In this paper we characterize the population of the poor in Israel, analyzing the main determinants of poverty as well as the changes in its incidence from 1987 to 2001. We pay particular attention to the factors that cause individuals to work and affect the level of their labor income, as these are the main reasons for a household being above or below the poverty line. We also analyze the effect of various policy instruments—particularly the system of transfers and changes in it over time, as well as the minimum wage—on the incidence of poverty. In addition, our investigation seeks to ascertain why certain groups have particularly high poverty rates.

Our research indicates that it is possible to identify the non-employment (whether due to non-participation or unemployment) of the head of the household as the main determinant of poverty. The existence of more than one wage earner in a household is almost certain to guarantee that a family will not fall below the poverty line, however. In general, groups with high poverty rates have no or few wage earners. 'Dealing with' groups with no wage earner by providing transfers considerably reduces the incidence of poverty. Thus, for example, old-age pensions substantially reduce poverty among the elderly, and the income supplement cuts poverty among single-parent families; the extent to which these groups manage to emerge from poverty is closely connected with the size of transfers. Similarly, child allowances substantially diminish poverty in large families, but since in the long run family size is also endogenous, it is not clear whether this policy does in fact serve to reduce poverty in the long run. Our empirical analysis shows that the probability of not being employed (and of not participating in the labor force) is far greater among individuals whose families receive large transfers. Hence, in the short run the key to dealing with the problem of poverty rests with the correct mix of transfers and incentives to work—for those capable of working.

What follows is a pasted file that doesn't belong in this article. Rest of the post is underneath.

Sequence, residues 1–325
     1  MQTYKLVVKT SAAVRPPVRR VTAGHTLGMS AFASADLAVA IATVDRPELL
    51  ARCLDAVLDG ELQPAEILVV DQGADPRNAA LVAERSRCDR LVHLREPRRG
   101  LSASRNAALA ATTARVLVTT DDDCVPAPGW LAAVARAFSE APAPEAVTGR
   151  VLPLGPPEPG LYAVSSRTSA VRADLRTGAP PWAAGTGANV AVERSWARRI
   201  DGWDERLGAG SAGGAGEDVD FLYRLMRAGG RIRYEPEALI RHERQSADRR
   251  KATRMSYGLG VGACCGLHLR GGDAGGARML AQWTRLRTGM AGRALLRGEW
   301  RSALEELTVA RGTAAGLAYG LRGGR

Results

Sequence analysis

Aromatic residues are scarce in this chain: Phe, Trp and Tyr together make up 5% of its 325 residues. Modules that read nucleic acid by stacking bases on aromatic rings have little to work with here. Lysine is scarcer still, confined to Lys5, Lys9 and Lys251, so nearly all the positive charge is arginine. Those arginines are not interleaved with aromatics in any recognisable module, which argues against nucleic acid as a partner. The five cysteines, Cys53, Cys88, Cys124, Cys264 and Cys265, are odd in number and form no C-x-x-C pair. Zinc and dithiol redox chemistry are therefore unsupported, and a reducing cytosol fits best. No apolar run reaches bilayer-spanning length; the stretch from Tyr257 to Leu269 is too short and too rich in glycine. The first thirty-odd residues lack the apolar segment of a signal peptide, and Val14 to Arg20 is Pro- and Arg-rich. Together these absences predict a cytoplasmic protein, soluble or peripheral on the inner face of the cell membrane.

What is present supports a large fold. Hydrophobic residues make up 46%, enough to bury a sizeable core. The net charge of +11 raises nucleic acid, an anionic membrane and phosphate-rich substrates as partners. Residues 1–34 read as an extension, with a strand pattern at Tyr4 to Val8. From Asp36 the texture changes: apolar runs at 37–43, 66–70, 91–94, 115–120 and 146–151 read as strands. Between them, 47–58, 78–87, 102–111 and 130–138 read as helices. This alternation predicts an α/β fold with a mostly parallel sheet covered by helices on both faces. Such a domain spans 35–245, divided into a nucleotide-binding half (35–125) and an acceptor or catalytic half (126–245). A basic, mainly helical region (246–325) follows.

Education plays an important role in reducing poverty, operating by increasing both wages and the employment rate. The relation between educational level and poverty has intensified with time. The strong negative correlation we found between education and the probability of being below the poverty line indicates that the education system is the key to solving the problem of poverty in the long run.

Another finding is that there is a relatively high incidence of poverty among the Arab population in Israel, even when such factors as education, family size, and the number of wage earners are held constant. This implies that there is discrimination in the labor market, and possibly also that the quality of education provided for this group is inferior to that of the general population.

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* Research Department, Bank of Israel.